Athens is just one more stop on the tour for Slightly Stoopid.
The band is touring continuously, and its last visit to the Georgia Theatre was in 2007.
On tour promoting its latest album, “Top of the World,” Slightly Stoopid will return to the Theatre on Friday.
The album, which was released in August, was the first album released since 2008. Because the band built its own studio in San Diego, Slightly Stoopid had the luxury to take its time with this album.
“We had the time to try a different approach,” said Ryan ‘RyMo’ Moran, drummer for Slightly Stoopid. “Some days, there were two or three guys in the studio, another day, there were two or three other guys.”
Different combinations of people contributed to each individual track.
“The end result was really cool because each song had its own identity,” Moran said. “Everything fell into place.”
The new album includes six tracks featuring guest artists Barrington Levy, Angelo Moore, Chali 2na, Angela Hunte, G. Love and Don Carlos.
“Those are probably my favorite ones because we were able to get these guys we’d grown up listening to and idolizing,” Moran said.
One of Slightly Stoopid’s most popular songs, “Closer to the Sun,” is a favorite of Moran’s.
“It’s always been one of my favorite songs to play and listen to," Moran said. “It’s a special song, and when we’re able to play it, a lot of people connect to it, which for us means it has value.”
The meaning of any song is different for everyone, but “Closer to the Sun” clearly relates to love.
“It’s mostly a song about love and positivity,” Moran said. “For me, when I think of ‘Closer to the Sun,’ I always think about people who have passed on, a family member or good friend, someone that maybe went a little too soon. They’re in heaven, closer to the sun. That’s my interpretation, but I would say as a blanket interpretation it’s about love.”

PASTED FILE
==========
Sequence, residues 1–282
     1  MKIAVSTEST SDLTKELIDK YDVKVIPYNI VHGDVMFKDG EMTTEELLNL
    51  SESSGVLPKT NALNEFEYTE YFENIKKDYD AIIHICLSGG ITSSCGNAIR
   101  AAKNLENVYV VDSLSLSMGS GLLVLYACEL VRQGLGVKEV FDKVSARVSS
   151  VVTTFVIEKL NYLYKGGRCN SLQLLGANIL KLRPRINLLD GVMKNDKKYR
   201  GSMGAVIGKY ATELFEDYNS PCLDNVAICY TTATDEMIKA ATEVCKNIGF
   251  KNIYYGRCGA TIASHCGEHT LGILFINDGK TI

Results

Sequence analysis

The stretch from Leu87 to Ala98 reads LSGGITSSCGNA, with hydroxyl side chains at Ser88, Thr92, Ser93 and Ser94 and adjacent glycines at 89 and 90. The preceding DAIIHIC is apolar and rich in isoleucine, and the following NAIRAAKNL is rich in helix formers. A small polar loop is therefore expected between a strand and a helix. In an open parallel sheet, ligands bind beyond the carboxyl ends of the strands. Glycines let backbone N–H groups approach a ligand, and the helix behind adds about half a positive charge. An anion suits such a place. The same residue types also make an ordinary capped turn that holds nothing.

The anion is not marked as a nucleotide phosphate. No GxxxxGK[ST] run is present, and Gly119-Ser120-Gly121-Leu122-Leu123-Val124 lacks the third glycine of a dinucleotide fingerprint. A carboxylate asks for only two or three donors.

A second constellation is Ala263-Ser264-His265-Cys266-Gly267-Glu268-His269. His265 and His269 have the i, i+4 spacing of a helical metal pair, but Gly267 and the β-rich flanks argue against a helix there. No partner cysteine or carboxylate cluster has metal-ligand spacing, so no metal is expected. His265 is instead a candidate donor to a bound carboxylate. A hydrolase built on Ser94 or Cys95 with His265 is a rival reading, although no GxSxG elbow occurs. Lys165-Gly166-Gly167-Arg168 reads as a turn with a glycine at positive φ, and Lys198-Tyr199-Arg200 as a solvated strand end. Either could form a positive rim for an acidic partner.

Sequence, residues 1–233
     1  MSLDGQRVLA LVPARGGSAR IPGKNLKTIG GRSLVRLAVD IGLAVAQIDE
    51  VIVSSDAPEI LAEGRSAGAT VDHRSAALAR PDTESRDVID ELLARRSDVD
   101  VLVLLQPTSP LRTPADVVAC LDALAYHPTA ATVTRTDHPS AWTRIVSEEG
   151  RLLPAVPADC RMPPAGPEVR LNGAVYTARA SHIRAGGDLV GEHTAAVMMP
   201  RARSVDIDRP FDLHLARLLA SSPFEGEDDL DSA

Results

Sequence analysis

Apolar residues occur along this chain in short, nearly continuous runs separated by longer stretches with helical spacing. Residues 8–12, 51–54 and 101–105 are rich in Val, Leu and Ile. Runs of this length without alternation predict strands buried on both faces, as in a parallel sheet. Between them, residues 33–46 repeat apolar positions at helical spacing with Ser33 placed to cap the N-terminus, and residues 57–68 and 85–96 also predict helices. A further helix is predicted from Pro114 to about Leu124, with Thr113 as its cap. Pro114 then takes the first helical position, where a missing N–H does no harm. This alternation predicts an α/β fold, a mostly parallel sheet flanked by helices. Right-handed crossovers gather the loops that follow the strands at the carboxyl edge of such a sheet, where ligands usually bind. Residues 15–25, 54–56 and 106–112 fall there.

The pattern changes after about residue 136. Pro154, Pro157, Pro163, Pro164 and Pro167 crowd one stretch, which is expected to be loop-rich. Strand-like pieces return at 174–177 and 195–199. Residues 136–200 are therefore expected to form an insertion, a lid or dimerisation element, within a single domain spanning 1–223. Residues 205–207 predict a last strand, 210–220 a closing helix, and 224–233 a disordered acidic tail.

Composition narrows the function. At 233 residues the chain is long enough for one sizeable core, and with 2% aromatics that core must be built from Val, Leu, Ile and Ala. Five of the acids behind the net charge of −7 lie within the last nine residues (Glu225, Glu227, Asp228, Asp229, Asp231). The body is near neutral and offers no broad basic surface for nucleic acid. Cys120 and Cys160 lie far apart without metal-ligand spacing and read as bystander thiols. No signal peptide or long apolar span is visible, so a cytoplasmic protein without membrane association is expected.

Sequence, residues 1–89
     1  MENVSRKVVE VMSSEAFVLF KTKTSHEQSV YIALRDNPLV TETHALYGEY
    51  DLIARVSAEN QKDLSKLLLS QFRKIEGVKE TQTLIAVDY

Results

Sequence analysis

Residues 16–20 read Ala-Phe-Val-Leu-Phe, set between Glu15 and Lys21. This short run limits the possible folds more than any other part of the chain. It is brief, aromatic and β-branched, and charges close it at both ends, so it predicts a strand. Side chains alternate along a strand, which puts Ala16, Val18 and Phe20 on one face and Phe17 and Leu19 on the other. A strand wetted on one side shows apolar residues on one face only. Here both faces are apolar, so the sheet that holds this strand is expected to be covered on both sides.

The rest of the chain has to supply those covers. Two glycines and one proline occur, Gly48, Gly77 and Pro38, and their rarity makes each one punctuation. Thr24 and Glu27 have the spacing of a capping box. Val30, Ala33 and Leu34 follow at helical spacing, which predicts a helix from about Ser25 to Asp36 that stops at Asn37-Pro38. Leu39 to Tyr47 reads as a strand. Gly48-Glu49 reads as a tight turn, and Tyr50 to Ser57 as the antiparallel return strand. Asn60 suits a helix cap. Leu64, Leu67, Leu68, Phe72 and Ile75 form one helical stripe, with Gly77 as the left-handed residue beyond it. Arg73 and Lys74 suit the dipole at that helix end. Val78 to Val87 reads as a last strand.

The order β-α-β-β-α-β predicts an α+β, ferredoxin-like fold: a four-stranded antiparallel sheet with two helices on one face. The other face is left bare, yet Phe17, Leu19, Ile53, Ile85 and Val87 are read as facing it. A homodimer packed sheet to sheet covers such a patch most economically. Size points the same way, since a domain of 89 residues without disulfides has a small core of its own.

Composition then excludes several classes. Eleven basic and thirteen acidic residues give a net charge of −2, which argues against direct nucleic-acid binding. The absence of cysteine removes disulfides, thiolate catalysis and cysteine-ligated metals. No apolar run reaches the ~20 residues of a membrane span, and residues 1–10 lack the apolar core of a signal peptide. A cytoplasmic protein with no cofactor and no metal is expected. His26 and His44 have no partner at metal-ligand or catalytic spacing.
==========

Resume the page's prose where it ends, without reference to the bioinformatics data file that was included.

It’s no secret that marijuana and Slightly Stoopid go hand-in-hand.
“It’s always been an underlying theme in the songs — I would say it’s definitely an inspiration,” Moran said. “It’s part of our lifestyle.”
Compared to more hardcore drugs like heroin and cocaine, Moran finds weed much more innocent.
“Someone who is smoking will probably sit at home and watch a movie and eat a gallon of ice cream, while someone on those other drugs might do something more dangerous, break the law, hurt themselves,” Moran said. “This person isn’t out killing people. They smoked a little pot, not trying to hurt anyone. They shouldn’t have to go to jail, in my opinion.”
Born and raised in California, Moran began playing music as young as 9 years old, experimenting with the piano, the trumpet and the violin.
“I liked music, but those instruments never grabbed me like the drums did,” Moran said. “I had heard some Led Zeppelin, and I was like, ‘Yeah, I want do that.’”
Moran’s favorite aspect of being on the road is “the experience of being in a different city every day.”
“We’ve all been doing it a while now,” Moran said. “The highlights are trying different foods, meeting people every day, it’s a lot of fun. You’re always on this crazy ride.”
WHEN: April 26, 7:30 p.m. (doors)
WHERE: Georgia Theatre
Correction: In a previous version of this article the word heroin was misspelled and the wrong form of every day was used. The Red & Black regrets the error.